Possible Insight

If I Were In Charge, Health Care Edition

with 11 comments

I have no desire to be in charge. I’d have to suffer too many fools and forego too much sleep. But I take comfort from knowing that, if I were in charge, I could confidently propose solutions to many of the common problems politicians hem and haw about.  It’s not just that I’m smarter and better trained than most of them, I simply wouldn’t care about getting re-elected.  So the obvious solutions that piss people off would be fine with me.

Unfortunately, health care is not one of these problems.  The solution really isn’t obvious. So I’ve been thinking about it lately.  I’ve got some preliminary ideas that I’d like to share. But be nice. I’m not saying these are the answers. They are just the best out-of-the-box thinking I’ve been able to come up with so far.

There are a couple of interventions I do consider obvious. First, streamline drug discovery. The easiest thing to do is simply dispense with Phase III trials.  Most drugs that fail, fail in Phase II.  But Phase III is by far the most expensive. Now, I would personally think carefully before I used a drug that hadn’t been shown safe and effective in something the equivalent of Phase III trials.  And we should definitely continue to monitor drugs after their approval. But the current system is too much cost for not enough gain. In return for eliminating this cost, we would reduce the term of patent protection and eliminate loopholes that extend such protection.

Second, I would de-regulate primary care. Physician’s assistants and nurse practitioners are perfectly capable of dispensing routine primary care, but today they may only operate under the direct supervision of a doctor. This practice simply perpetuates physician control over primary care. Let’s get rid of it and lower primary care costs. Moreover, I would back a national law that prevented states and cities from passing local laws that restrict low-cost primary clinics such as ones you might find in a Costco or Wal-Mart. The true reason behind such laws is to protect incumbents, which drives up costs. My guess is that de-regulated primary care could provide a basic level of service at around $30/visit.

Now we get to the hard stuff. I hypothesize that insurance-paid primary care is the root of much inefficiency. Obviously, it leads to at least some overconsumption because people don’t bear the cost. But it also messes with primary care professionals’ incentives to differentiate based on quality. They compete on how efficiently and effectively they can work the insurance system rather than how efficiently and effectively they can deliver care (e.g., your bill shows you as being “treated” for hyperlipemia and diabetes because the doctor discussed you slightly elevated cholesterol and glucose test results).

Moreover, insurance doesn’t add any value when you have reasonably small, reasonably predictable expenditures. I think what has happened is that insurance companies use it as a feature to get you to sign up for the rest of the insurance policy. They negotiate below market costs, forcing list prices up for everyone else, leading everyone to want primary care insurance.  Hello collective action problem.  My prescription is to tax insurance companies on any payments they make on behalf of policyholders for primary care. This will make primary care insurance premiums too high for most people.  Good.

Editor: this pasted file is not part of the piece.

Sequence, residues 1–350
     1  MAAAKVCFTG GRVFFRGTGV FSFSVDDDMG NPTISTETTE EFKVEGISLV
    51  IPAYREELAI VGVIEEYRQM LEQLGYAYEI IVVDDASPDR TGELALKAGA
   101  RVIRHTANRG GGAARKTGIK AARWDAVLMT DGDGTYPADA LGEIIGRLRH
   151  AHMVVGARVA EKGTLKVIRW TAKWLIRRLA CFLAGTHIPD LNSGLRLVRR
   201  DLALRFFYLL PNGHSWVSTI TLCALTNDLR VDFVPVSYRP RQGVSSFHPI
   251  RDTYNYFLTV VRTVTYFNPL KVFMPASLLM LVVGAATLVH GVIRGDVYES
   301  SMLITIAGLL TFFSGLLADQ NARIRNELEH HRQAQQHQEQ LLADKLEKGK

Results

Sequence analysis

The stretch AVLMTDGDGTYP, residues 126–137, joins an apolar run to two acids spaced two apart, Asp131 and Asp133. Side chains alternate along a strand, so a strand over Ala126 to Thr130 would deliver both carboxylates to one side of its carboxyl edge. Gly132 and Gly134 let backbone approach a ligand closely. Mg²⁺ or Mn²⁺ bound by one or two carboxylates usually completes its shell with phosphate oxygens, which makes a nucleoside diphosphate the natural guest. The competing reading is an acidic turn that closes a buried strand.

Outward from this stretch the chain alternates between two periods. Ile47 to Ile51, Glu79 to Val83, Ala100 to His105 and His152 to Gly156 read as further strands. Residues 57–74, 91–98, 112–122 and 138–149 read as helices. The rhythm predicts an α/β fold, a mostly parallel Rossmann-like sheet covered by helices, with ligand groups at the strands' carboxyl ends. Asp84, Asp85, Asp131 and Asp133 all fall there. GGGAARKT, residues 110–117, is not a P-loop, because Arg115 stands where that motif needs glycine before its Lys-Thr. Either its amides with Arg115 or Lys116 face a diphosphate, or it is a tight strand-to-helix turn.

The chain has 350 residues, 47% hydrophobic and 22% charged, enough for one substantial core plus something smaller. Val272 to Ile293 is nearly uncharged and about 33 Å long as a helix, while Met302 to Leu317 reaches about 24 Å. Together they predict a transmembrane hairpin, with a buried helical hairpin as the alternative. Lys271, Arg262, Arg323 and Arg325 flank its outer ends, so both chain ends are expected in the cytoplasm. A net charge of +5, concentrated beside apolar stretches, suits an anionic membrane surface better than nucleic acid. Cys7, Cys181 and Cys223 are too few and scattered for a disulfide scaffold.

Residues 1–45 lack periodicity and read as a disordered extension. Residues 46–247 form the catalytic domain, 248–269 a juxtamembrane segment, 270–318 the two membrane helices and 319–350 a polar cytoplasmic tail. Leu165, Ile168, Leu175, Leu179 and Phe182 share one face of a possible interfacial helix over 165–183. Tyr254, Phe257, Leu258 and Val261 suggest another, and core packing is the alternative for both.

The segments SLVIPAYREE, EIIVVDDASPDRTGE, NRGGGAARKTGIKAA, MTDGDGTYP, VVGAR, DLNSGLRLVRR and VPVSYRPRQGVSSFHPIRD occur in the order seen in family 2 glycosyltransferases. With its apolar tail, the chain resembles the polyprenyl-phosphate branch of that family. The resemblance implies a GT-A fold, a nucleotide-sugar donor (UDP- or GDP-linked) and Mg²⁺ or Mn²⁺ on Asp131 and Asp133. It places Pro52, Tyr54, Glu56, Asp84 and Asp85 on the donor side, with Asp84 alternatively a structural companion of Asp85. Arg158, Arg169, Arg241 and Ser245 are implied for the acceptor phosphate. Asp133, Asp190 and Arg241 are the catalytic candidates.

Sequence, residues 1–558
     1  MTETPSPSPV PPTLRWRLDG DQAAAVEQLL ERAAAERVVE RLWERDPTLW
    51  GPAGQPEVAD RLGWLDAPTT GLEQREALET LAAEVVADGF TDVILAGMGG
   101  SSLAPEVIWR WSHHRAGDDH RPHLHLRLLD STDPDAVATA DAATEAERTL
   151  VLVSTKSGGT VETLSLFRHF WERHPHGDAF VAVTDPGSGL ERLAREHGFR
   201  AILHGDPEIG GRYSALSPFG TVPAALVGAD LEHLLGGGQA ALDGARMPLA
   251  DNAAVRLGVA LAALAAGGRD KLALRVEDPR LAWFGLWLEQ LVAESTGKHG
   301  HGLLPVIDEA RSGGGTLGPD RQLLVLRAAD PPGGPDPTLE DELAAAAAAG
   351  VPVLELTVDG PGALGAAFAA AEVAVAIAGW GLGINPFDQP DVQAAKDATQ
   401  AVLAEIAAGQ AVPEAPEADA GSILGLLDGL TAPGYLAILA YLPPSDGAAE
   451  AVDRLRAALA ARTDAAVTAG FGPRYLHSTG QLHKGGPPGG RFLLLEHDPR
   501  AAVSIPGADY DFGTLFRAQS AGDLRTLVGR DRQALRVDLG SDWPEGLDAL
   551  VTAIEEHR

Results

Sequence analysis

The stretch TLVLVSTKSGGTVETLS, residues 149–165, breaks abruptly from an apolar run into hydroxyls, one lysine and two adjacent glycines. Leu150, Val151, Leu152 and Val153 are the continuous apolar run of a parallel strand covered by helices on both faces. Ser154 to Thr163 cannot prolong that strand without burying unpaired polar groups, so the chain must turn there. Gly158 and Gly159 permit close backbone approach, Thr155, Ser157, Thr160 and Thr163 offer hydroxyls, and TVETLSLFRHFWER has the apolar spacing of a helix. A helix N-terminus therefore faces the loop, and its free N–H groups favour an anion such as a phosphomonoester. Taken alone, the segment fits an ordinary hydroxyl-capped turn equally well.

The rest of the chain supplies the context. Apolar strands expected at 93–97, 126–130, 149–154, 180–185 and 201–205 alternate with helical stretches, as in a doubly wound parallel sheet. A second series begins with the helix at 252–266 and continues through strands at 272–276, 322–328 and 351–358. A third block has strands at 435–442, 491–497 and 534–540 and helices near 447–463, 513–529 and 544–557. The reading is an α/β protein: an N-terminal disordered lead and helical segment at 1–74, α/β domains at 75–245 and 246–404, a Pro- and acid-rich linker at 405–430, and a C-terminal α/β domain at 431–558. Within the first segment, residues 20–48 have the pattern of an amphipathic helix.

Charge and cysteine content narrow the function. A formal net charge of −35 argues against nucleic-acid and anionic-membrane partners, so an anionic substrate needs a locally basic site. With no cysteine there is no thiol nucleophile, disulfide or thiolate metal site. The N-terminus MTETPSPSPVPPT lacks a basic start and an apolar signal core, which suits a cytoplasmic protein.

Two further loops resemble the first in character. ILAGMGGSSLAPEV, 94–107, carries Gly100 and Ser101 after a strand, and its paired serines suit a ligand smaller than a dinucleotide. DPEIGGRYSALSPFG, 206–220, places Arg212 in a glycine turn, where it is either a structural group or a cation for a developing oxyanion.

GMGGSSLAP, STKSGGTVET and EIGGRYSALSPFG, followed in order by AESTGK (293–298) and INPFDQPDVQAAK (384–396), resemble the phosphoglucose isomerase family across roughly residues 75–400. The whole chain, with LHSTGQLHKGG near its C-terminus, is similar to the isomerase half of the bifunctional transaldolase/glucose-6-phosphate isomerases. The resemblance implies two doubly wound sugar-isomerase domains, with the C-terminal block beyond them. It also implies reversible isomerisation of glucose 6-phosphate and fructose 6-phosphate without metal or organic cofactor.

I think the above three measures should reduce day-to-day healthcare expenditures and properly align people’s incentives. Now we get to the problem of major medical expenses.

As a libertarian, I would like to reduce government involvement as much as possible. However, in this case, I think there is a fundamental problem that requires government intervention. It’s nearly impossible for doctors as individuals and society as a collective to just let people die who could easily have been saved. I don’t want to argue whether basic health care is a fundamental right. Suffice it to say that enough people act as if that were the case that going against the grain will simply fail. Therefore, I think the government must mandate and fund a very basic level of acute care.

We’ll clear up your infection with generic antibiotics, we’ll set your broken arm, we’ll treat your cancer with generic chemotherapy, we’ll sew up the cut from the bread knife, and we’ll even give you life saving surgery after your car accident.  But you need some absurdly expensive brand-name drugs, sorry.  Have a brain tumor, sorry.  Need a transplant, sorry. I realize that drawing the line will be very hard and open to lobbying.  But I don’t see any way around it.

Hopefully, most people will be able to afford their own major medical insurance with a higher level of care. The problem here comes from specifying what the level of care is. Metaphorically, I want to be able to buy the Ford Fiesta, Toyota Camry, or Mercedez S500 plans.  But it’s unclear at the time you sign up what interventions would fall into which category. Obviously, a dying patient has incredible incentive to assert that any potentially helpful intervention falls under his plan. Conversely, a for-profit company has incredible incentive to assert that any potentially questionable intervention falls outside his plan.  Unfortunatley, the space of interventions that are both potentially helpful and potentially questionable is rather large at our current level of technology.

I have an idea here. Create a legal patient proxy. This is a company that negotiates incredibly detailed contracts with the insurance company on my behalf.  They would have both lawyers and doctors. I’m not sure what these contracts would ultimately look like, but you could imagine a combination of very specific procedures and medicines that would be covered plus some sort of meta-evaluation protocol for determining whether new things would be covered. Something like a list of applicable medical journals and odds-ratio thresholds of effectiveness. The proxy could even renegotiate some of the covered interventions every year. Obviously, a proxy would aggregate many patient contracts with many insurance companies.